Psalm 39 from the Septuagint also emphasizes that the performance of Mosaic Law’s external demands only pointed to what God required, which was an inward change as expressed by the prophet Hosea ~ For it is love that I desire, not sacrifice, and knowledge of God rather than holocausts (Hos 6:6)Jesus submitted His life to the will of God to transform hearts and bring about what the old law wasn’t capable of achieving. Only Jesus, through the purification of His atoning sacrifice, could fulfill what the law could not. Jesus made statements to this effect in the Gospels:

  • Matthew 5:17 ~ “Do not think that I have come to abolish the law or the prophets.  I have come not to abolish but to fulfill.”
  • Matthew 9:13 ~ “Go and learn the meaning of the words, ‘I desire mercy, not sacrifice’…” (Jesus quoting from Hosea 6:6).

First, he says, “Sacrifices and offerings, holocausts and sin offerings, you neither desired nor delighted in.” These are offered according to the law. Then he says, “Behold, I come to do your will.” He takes away the first to establish the second. 10 By this “will,” we have been consecrated through the offering of the body of Jesus Christ once for all.
These verses offer a teaching on the passage from Psalm 39:7-9 from the Septuagint version of Sacred Scripture. And they also connect that passage to the words of the prophet Samuel in 1 Samuel 15:22 ~ Does the LORD so delight in holocausts and sacrifices as in obedience to the command of the LORD? Obedience is better than sacrifice and submission than the fat of rams.

God chose Samuel to anoint the young David as the King of Israel (1 Sam Chapter 16). Samuel was also David’s teacher. According to Psalm 39 LXX, David certainly learned about animal sacrifice versus human submission and obedience from Samuel.

What does the writer of Hebrews mean when he says God took away “the first to establish the second”? What is the first; what is the second? Under the commands and prohibitions of the Old Covenant sacrificial system, there were various kinds of sacrifices (see the chart on the Levitical Offerings and Sacrifices). The writer of Hebrews mentions two types of animal sacrifice:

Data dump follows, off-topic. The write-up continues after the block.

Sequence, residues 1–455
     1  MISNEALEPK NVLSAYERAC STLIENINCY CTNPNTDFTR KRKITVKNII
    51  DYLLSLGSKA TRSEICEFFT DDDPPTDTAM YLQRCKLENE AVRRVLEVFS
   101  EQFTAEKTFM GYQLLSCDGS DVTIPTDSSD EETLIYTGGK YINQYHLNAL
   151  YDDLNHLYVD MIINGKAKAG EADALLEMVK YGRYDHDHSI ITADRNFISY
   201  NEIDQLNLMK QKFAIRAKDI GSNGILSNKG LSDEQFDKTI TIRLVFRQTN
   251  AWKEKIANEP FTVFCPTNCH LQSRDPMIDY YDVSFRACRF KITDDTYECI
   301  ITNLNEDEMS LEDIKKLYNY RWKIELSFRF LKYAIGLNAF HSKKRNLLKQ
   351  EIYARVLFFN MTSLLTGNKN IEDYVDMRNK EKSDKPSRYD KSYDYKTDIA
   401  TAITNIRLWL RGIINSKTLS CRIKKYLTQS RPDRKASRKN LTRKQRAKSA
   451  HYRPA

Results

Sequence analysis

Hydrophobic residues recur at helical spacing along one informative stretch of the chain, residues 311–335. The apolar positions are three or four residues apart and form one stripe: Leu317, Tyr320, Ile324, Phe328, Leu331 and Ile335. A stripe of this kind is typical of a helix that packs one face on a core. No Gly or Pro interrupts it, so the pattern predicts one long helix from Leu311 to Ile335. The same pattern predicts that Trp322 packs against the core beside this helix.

1. Animal sacrifices where the altar fire consumed the whole animal, known as a “holocaust” or “whole burnt” offerings.
  2. Sin sacrifices in which the sinner confessed his sin over the animal, and the animal then died in his place. The animal’s blood “covered” the sin of the repentant individual as a priest poured it out from a chalice at the altar and its fat burned in the altar fire (the chief priests ate the remaining cooked meat of this sacrifice with their families).

The flesh and blood of animals were not what God desired. He wanted repentant and purified hearts cleansed of sin: Sacrifice and offering you did not desire (verse 8 quoting from Ps 40:6-8 LXX). Therefore, God provided the perfect sacrifice: but a body you prepared for me that was the Incarnation of the Son. In the self-sacrifice of the Son, God removed the necessity of imperfect animal sacrifice, offering instead the flesh and blood of God the Son, the unblemished Lamb of God. He established the one perfect and eternal sacrifice for the atonement and sanctification of humanity. Through the obedient will of Jesus to offer Himself up as a sacrifice, we have been consecrated (Heb 10:10)Jesus fulfilled the will of God who then abolished the old, imperfect ritual sacrifices to establish an eternal sacrifice for the sanctification of believers (Mt 18:14; Gal 1:4; Eph 1:5, 9, 11) through the offering of the body of Jesus Christ once and for all (Heb 10:10) to bring man to salvation:

  • In just the same way, it is not the will of your heavenly Father that one of these little ones be lost (Mt 18:14).
  • grace and peace to you and peace from God our Father and the Lord Jesus Christ, who gave himself for our sins that he might rescue us from the present evil age in accord with the will of our God and Father (Gal 1:3-4).